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Review by Susan Granger
3½ stars out of 4
Chicago's "Second City" alumna Nia Vardalos has adapted her critically
acclaimed, autobiographical, one-woman show into a human comedy that strikes a
universal chord. As the story begins, Vardalos plays Toula, a frumpy 30 year-old
virgin, working in her father's Greek restaurant. "You better get married soon,"
he says. "You're looking old." Since childhood, her parents (Michael
Constantine, Lainie Kazan) have told her that Greek girls have just three duties
in life: marry Greek boys, make Greek babies and feed everyone. But it's not
that easy. Toula's a big, gawky Greek in a world of tiny, blond Barbies.
Realizing she's stuck in a rut, Toula enrolls in a computer class at a nearby
college. She also puts on some makeup, buys fashionable clothes, discovers
contact lenses and lands a job in her aunt's travel agency. Meanwhile, she's
caught the eye of a tall, handsome, WASP-y school teacher, Ian Miller (John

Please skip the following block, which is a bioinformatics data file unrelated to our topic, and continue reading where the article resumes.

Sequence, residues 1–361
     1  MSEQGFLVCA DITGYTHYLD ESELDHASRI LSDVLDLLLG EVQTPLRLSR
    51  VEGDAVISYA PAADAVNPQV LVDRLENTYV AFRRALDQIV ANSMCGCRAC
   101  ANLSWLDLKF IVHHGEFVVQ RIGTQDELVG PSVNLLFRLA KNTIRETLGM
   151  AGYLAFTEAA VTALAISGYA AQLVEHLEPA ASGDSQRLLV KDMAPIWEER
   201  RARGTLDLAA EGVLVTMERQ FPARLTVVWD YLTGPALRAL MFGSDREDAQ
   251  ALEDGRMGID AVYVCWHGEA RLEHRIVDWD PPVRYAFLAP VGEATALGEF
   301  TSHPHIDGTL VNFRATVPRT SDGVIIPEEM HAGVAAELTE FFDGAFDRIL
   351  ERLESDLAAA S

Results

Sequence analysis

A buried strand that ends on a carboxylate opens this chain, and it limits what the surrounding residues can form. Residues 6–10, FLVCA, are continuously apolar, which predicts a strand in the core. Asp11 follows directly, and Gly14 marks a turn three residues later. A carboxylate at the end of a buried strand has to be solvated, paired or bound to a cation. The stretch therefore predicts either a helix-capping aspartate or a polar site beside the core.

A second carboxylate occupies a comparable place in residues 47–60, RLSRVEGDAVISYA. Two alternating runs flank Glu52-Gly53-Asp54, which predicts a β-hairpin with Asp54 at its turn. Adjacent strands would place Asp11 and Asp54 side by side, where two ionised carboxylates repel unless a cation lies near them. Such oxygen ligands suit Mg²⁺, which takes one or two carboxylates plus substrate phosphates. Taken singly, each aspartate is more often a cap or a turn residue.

Corbett of TV's "Sex and the City"). He's a god, all right, but he's not Greek.
And that causes complications. Her proud, Zorba-like father considers any
non-Greek a "xenos," a foreigner, and - what's worse - Ian's a vegetarian. It's
the classic Pygmalion story with some ethnocentric culture clash tossed in, but
it works. Why? Because director Joel Zwick and the talented actors keep it very
specific and true, reminiscent of "Moonstruck," with lines like: "The family
will always be a big part of who you are, but don't let it limit who you
become." The Portokalos family may be boisterously Greek but they could also be
Italian, Irish, Hispanic or Jewish. Behind-the-scenes, this project was
propelled by producers Tom Hanks and Rita Wilson, who swears the family
resembles her own. On the Granger Movie Gauge of 1 to 10, "My Big Fat Greek
Wedding" is a gleeful, joyous 8. It's a delectable confection.
Copyright © 2002 Susan Granger